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Police officer accused senator of lying after men's room arrest

Police officer accused senator of lying after men's room arrest

The officer who arrested a conservative U.S. senator in a police undercover operation at an airport men's room accused the senator of lying to him during an interrogation afterward, according to an audiotape of the arrest.
On the tape, released Thursday by the Minneapolis Airport Police, Idaho Republican Sen. Larry Craig in turn accuses the officer of soliciting him for sex.
"I'm not gay. I don't do these kinds of things," Craig told Sgt. Dave Karsnia minutes after the two men met in a men's room at the airport on June 11.
"You shouldn't be out to entrap people," Craig told the officer. "I don't want you to take me to jail."
Karsnia replied that Craig would not be going to jail as long as he cooperated.
The two men disagreed about virtually everything that had occurred minutes earlier, including whether there was a piece of paper on the floor of the stall and the meaning of the senator's hand gestures. At no time did Craig admit doing anything wrong, although weeks later he pleaded guilty to a reduced misdemeanor charge of disorderly conduct.
"You're not being truthful with me," Karsnia told Craig during the interrogation. "I'm kind of disappointed in you, senator."
Karsnia later told Craig he was "sitting here lying to a police officer," adding: "I expect this from the guy we get out of the 'hood. I mean people vote for you. Unbelievable."
Meanwhile, more of Craig's Republican colleagues moved away from him Thursday in the wake of his guilty plea earlier this month to a reduced charge of disorderly conduct in the undercover police operation aimed at public toilet perverts. Republican National Committee officials had considered calling for his resignation early Thursday, Republicans with knowledge of the deliberations said, but had not done so by day's end.
Sen. John Ensign, who chairs the Republican Party's senatorial campaign committee, stopped short of calling on Craig to resign but suggested strongly that he should.
Sens. Norm Coleman and Susan Collins each turned over to charity $2,500 (euro1,837) in campaign donations they had received from Craig's political action committee. Coleman and Collins both face potentially tough races for re-election next year.
Coleman and several other Republicans _ including Sen. John McCain _ have called for Craig to resign his seat in the Senate. Craig already has agreed to a request by Republican leaders to give up his ranking status on the Veterans Affairs Committee and Appropriations subcommittees.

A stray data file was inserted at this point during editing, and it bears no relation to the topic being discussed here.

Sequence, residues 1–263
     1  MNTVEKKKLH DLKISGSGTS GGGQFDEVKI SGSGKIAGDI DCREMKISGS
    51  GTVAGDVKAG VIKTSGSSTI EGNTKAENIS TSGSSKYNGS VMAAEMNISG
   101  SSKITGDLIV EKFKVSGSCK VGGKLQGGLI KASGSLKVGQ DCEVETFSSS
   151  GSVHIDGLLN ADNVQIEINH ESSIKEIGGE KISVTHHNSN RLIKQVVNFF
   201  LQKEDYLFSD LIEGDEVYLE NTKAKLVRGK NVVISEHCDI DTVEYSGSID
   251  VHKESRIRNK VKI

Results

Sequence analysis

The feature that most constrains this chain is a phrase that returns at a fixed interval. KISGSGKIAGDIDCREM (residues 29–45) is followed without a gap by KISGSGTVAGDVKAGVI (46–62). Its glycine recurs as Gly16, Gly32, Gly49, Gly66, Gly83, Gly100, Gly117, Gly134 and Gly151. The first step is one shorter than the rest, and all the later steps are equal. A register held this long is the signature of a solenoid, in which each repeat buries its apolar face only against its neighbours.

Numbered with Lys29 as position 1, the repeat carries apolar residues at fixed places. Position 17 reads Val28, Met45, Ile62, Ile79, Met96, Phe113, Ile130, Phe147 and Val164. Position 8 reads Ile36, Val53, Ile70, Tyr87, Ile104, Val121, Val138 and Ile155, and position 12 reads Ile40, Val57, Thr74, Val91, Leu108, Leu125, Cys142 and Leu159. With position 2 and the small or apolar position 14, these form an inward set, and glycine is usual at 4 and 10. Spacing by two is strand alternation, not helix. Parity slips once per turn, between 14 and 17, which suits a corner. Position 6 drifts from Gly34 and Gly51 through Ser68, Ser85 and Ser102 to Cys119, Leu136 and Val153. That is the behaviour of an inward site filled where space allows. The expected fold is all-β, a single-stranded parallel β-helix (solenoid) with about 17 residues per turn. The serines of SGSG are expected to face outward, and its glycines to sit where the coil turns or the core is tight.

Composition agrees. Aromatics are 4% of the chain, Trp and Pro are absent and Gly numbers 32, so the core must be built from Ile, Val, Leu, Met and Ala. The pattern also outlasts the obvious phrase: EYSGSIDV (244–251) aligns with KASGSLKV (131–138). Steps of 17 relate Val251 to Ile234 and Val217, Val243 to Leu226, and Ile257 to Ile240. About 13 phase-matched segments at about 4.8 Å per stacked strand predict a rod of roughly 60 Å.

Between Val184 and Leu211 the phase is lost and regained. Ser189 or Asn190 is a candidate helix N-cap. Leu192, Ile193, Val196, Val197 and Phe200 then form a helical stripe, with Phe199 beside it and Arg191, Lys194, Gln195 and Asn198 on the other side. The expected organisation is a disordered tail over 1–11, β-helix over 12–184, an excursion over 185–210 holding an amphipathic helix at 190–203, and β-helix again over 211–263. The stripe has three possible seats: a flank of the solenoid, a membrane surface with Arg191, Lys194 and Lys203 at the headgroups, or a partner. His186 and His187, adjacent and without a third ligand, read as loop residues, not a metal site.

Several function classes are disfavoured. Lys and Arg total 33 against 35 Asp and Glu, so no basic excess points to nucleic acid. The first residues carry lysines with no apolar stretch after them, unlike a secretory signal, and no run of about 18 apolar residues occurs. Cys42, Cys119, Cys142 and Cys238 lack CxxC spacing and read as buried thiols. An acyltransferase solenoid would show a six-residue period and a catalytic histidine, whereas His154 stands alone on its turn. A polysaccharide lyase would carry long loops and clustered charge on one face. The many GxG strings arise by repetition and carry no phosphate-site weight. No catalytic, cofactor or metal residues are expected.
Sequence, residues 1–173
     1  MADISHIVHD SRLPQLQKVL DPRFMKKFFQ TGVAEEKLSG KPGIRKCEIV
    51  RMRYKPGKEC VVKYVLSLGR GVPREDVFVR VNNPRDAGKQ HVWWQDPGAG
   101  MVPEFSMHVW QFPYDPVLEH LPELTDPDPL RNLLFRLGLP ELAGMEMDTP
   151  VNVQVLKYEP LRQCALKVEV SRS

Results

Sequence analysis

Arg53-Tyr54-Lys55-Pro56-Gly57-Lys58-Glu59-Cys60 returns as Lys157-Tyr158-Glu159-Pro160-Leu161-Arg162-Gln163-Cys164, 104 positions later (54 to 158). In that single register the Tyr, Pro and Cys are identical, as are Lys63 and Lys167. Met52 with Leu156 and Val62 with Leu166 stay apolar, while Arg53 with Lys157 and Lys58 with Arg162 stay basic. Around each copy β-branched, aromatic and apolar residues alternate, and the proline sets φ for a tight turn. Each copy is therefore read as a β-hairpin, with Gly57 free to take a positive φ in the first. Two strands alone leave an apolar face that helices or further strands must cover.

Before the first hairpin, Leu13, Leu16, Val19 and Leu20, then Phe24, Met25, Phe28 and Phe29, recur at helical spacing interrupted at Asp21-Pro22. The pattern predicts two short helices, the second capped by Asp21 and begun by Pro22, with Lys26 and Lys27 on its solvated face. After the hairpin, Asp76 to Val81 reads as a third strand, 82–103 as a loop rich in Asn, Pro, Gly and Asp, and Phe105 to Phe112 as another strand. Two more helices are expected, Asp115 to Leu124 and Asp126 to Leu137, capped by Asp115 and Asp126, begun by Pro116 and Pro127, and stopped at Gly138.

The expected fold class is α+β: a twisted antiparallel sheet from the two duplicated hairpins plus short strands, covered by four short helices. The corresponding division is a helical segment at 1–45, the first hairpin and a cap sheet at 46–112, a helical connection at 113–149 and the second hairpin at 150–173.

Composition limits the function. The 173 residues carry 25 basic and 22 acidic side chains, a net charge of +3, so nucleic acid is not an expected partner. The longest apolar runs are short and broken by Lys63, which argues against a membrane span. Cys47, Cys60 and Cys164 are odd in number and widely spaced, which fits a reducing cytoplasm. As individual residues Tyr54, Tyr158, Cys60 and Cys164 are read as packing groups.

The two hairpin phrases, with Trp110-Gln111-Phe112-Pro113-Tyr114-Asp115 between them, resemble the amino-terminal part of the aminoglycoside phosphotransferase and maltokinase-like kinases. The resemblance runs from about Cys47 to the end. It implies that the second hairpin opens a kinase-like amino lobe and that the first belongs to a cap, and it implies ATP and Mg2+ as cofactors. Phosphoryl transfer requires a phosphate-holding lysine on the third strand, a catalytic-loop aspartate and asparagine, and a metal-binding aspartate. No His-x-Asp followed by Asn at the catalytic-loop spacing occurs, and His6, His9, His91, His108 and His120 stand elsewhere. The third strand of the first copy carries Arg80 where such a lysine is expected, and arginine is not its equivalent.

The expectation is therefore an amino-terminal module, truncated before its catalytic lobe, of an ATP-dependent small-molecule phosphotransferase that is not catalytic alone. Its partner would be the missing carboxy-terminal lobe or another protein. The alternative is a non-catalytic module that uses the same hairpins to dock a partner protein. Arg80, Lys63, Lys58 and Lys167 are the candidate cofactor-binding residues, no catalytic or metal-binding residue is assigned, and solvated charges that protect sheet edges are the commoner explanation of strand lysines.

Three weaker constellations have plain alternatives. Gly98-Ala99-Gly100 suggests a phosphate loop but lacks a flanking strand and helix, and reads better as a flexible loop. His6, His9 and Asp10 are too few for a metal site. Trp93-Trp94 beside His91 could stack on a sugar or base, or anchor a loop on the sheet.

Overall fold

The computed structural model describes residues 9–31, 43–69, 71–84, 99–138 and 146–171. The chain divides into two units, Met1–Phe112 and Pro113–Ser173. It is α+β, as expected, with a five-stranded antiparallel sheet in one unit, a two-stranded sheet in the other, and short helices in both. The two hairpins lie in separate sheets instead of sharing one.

Craig said Tuesday he had committed no wrongdoing and should not have pleaded guilty. He said he had only recently retained a lawyer to advise him in the case, which threatens to write an ignominious end to a lifetime in public office.
On the tape, Craig and the arresting officer can be heard arguing over what happened in the men's room minutes earlier. Craig acknowledges that the men's feet bumped but says nothing improper happened.
"Did we bump? Yes, I think we did. You said so. I don't disagree with that," Craig said.
But Craig disputes the officer's account that he swept his hand under the stall next to him in an apparent effort to advance the encounter. They even disagree whether Craig used his right hand or his left hand.
Craig said he was merely trying to pick up a piece of paper _ an account the officer disputes.
"I'm telling you that I could see, so I know that's your left hand. Also I could see a gold ring on this finger, so that's obvious it was the left hand," Karsnia tells Craig.
"Well we can dispute that," Craig says. "I'm not going to fight you in court. I reached down with my right hand to pick up the paper."
Karsnia said in a police report that he recognized Craig's hand gesture as a signal aimed at initiating sex. "It should be noted that there was not a piece of paper on the bathroom floor, nor did Craig pick up a piece of paper," he said in the report.
Karsnia, 29, has arrested at least a dozen men in the airport's bathroom for sending signals he believed were aimed at initiating sex. Each time, Karsnia walked suspects to a spot where they could speak privately, without embarrassing them, according to the police reports he wrote.
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Associated Press writers Scott Sonner in Reno, Nev., Joshua Freed in Minneapolis, Todd Dvorak in Idaho and Liz Sidoti in Washington contributed to this report.


Updated : 2021-04-17 14:34 GMT+08:00